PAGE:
Kristin Bartley Lenz, LMSW is a writer and social worker who has lived in Michigan, Georgia, and California. Her debut young adult novel, The Art of Holding On and Letting Go, was a Helen Sheehan YA Book Prize winner, a Junior Library Guild Selection, and an honor book for the Great Lakes Great Books Award statewide literature program. Her writing has been published in a YA poetry anthology (Rhyme & Rhythm: Poems for Student Athletes), The New York Times, Writer's Digest, Hunger Mountain, Lunch Ticket, Michigan Reading Journal, Great Lakes Review, Literary Mama, Women On Writing, The New Social Worker, and more. She placed second in the 2019 National Poetry Contest for Social Workers and completed the Creative Writing Workshop for Social Workers at the University of Iowa School of Social Work. She also writes freelance for Detroit area nonprofits, teaches creative writing for teens and adults, and escapes to the woods and lakes in northern Michigan whenever she can.
Author photo by Amy Kimball.
Author photo by Amy Kimball.
The Intersection of Social Work and Writing:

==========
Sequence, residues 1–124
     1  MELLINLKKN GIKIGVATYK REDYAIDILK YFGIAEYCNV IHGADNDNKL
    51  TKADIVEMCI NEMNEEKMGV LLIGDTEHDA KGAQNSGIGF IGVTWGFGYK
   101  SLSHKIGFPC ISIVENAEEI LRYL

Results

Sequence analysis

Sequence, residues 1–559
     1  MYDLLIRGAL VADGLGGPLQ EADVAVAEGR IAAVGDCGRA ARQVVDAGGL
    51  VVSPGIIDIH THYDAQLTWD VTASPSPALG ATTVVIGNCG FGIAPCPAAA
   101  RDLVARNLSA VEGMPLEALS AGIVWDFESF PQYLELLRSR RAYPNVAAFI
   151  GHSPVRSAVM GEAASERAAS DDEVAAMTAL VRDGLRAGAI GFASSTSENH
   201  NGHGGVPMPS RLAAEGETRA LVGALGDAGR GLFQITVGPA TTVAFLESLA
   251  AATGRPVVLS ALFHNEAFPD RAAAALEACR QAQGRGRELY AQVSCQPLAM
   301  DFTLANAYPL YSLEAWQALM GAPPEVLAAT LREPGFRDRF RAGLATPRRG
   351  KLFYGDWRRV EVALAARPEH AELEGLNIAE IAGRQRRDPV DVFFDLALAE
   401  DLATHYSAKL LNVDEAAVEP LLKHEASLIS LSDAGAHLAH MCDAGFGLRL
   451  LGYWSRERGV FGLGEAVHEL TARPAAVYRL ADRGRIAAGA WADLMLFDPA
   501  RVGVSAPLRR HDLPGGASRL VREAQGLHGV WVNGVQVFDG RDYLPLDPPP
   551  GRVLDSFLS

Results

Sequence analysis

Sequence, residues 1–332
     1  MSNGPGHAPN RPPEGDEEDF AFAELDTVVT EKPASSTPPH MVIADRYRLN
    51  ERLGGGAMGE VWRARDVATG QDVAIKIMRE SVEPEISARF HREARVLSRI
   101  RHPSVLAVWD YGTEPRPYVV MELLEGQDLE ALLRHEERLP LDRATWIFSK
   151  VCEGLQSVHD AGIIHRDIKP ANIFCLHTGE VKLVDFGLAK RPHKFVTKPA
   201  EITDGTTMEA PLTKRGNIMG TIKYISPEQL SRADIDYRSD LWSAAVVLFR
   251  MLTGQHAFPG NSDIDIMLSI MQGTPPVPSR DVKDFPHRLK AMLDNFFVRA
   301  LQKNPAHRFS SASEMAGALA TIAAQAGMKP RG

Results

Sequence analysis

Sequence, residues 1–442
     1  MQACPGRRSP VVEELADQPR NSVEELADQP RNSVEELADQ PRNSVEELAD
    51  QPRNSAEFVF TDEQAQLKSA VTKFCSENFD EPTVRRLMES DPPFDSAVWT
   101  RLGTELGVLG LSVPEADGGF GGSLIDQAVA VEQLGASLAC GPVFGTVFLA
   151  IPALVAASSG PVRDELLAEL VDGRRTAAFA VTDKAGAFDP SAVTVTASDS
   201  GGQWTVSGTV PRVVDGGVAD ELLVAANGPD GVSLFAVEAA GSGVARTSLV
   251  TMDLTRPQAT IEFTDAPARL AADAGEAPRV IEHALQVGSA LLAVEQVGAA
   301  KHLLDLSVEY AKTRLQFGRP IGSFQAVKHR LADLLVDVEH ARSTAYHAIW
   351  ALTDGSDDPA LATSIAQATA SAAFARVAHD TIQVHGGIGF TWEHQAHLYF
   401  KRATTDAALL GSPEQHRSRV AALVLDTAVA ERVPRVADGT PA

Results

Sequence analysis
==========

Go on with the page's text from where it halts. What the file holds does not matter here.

I chickened out of majoring in English at the University of Michigan. I loved to read and dreamed of being a writer, but I was afraid. Afraid I wasn't good enough. Afraid that no one would be interested in what I had to say. Afraid I had nothing to say. Afraid I wouldn't be able to support myself on a writer's salary. I chose one of my other interests, psychology, and then went on to get a master's degree in social work from Wayne State University in Detroit.
Not that I had any allusions about making a great salary as a social worker, but I had stability, variety, flexibility, and the opportunity to help people - a way to contribute to making our world a better place. Social work was a detour on my writing path, but it greatly expanded my worldview. Honestly, it blew the doors off my safe, sheltered childhood and plunged me into real-life stories of hope and despair, triumph and heartache, pain and resilience.
I worked at a runaway shelter and counseling center in Michigan, a mental health clinic and schools in Georgia, a program for children with developmental disabilities in California, and a children's hospital/home-visiting program back in Detroit.
I loved connecting with people and learning their stories. But I soon realized I was nearly the only social worker in existence who liked paperwork. I looked forward to the end of my work days when I could hunker down in my office and write. Essentially, I was writing people's stories in the form of assessment reports and progress notes. And I began to remember my dream of being a writer. Finally, I had something to say.
So here I am at the intersection of social work and writing. Please take a look around, read my writing, and send me a message - I'd love to hear from you.
Thanks for visiting!